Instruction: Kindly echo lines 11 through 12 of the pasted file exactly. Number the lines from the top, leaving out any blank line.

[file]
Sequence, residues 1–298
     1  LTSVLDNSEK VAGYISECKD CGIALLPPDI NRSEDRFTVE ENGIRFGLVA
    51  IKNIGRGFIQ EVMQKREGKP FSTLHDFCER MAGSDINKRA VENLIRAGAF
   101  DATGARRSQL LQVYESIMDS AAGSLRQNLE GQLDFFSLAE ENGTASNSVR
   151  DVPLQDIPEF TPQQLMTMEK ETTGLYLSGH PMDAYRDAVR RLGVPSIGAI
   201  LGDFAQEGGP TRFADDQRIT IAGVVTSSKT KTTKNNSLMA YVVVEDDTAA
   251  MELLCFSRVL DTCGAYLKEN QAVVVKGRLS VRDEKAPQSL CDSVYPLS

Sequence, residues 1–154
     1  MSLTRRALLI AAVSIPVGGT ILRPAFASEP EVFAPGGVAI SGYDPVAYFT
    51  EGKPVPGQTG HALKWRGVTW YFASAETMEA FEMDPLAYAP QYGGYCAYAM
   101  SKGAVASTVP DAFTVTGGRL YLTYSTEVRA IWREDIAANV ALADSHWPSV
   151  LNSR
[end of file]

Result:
   101  SKGAVASTVP DAFTVTGGRL YLTYSTEVRA IWREDIAANV ALADSHWPSV
   151  LNSR